As someone who is moving into the outer fringes of what we may reasonably call “old age” – I will be 70 on 5 April 2019 – I have already learned some valuable lessons, all of which will apply to some and some of which will apply to all. For whatever it may be worth, the following is what I have learned so far. Pick and choose the lessons that are relevant to you.
o Old age need not advance gradually
With me, I began to move into the exurbs of old age in a single week, perhaps even a briefer time than that.
In late August of 2012, I was returning from a 3-week trip to Wichita, KS, to see relatives, what few I have left in my family of origin. I was jammed into the back seat, just forward of the tailcone, of a small Embraer jet on a flight to Denver to make connections
And when the thousand years are ended, Satan will be released from his prison, and will go out to deceive the nations which are in the four corners of the earth, Gog and Magog, and will gather them together for the battle; the number of whom is as the sand of the sea. And they went up over the breadth of the earth and encompassed the camp of the saints, and the beloved city. -- Revelation chapter 20:7-9a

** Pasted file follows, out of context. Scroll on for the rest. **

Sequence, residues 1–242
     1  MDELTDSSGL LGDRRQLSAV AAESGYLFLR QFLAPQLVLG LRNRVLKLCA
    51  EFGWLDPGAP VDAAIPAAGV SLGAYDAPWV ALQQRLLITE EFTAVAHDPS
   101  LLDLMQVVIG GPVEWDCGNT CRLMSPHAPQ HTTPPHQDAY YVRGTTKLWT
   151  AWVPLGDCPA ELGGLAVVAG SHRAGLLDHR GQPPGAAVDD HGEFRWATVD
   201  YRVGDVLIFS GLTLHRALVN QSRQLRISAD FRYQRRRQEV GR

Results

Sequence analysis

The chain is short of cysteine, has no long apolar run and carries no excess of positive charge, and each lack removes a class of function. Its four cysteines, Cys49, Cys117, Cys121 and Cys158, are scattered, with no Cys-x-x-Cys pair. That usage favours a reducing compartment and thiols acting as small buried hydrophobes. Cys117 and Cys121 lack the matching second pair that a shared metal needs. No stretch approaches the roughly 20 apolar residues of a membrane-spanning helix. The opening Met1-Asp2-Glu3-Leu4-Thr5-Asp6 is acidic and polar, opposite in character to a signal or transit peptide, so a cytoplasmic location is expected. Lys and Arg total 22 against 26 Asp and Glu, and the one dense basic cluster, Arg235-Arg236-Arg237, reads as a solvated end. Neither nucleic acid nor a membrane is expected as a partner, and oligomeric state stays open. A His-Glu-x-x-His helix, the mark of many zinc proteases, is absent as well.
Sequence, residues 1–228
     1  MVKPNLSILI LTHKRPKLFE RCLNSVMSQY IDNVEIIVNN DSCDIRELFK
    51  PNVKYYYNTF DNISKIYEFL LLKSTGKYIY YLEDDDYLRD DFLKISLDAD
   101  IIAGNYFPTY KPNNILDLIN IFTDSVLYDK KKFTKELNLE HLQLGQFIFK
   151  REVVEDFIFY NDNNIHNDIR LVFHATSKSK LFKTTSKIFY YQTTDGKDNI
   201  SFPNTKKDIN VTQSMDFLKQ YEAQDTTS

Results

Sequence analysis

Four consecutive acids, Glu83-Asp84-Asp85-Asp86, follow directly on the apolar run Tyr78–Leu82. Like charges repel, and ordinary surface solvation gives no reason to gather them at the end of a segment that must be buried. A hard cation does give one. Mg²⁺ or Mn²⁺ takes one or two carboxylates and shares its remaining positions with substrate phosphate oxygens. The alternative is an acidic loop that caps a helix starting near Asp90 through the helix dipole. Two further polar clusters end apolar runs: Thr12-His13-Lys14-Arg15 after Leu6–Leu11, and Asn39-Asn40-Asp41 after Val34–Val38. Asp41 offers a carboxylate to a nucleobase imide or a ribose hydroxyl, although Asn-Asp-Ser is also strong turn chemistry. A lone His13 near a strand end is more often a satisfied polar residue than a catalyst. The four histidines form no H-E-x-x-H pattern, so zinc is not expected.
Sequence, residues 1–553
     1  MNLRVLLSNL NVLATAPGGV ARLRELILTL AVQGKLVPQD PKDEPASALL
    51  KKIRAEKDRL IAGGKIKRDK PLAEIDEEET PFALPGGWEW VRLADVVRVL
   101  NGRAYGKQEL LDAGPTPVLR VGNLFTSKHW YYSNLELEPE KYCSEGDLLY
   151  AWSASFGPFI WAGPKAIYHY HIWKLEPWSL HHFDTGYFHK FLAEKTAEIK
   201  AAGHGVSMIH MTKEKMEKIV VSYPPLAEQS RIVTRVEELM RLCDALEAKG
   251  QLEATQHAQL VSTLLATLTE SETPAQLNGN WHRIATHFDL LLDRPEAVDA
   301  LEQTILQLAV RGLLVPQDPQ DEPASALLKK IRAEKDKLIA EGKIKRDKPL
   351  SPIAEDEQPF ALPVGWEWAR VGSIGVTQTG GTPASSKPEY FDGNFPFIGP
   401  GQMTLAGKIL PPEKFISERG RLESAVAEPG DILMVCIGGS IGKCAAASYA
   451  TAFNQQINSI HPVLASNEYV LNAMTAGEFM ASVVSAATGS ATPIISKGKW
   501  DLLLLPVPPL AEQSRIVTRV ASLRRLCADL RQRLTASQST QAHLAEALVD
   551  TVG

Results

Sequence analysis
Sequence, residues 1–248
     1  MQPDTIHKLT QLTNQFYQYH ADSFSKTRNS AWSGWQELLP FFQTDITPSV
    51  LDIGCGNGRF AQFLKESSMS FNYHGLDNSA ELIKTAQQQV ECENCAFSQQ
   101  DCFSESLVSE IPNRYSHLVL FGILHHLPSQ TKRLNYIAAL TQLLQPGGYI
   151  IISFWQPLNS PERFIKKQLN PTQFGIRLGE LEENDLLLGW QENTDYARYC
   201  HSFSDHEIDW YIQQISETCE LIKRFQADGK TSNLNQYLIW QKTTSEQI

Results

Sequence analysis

It is unfortunate that the most prescient book ever written about the present mass migration of immigrants from the Third World to the First, especially to the US from Mexico and Central America and to Europe from the Levant, is out of print and therefore unavailable: Jean Raspail’s eerily prophetic The Camp of the Saints (hereafter Camp). (The Amazon link says simply t
… but I suppose the answer is “Yes, I will have to write on this subject again, just as I have before.” This time around, I am writing in response to what Patheos rather breathlessly describes as a "constitutional horror": Justice Thomas' assertion that, the "establishment" clause notwithstanding, States still have the right to designate certain religious / denominations as "official". As usual, and as is customary with all matters religious when people are given a breadth of audience that far exceeds their depth of knowledge, the hysteria is altogether overblown and unnecessary, due to an absence of working knowledge about the history of the subject – in this case, the interpretation of the “establishment” clause of the First Amendment. The whole point of what follows is a matter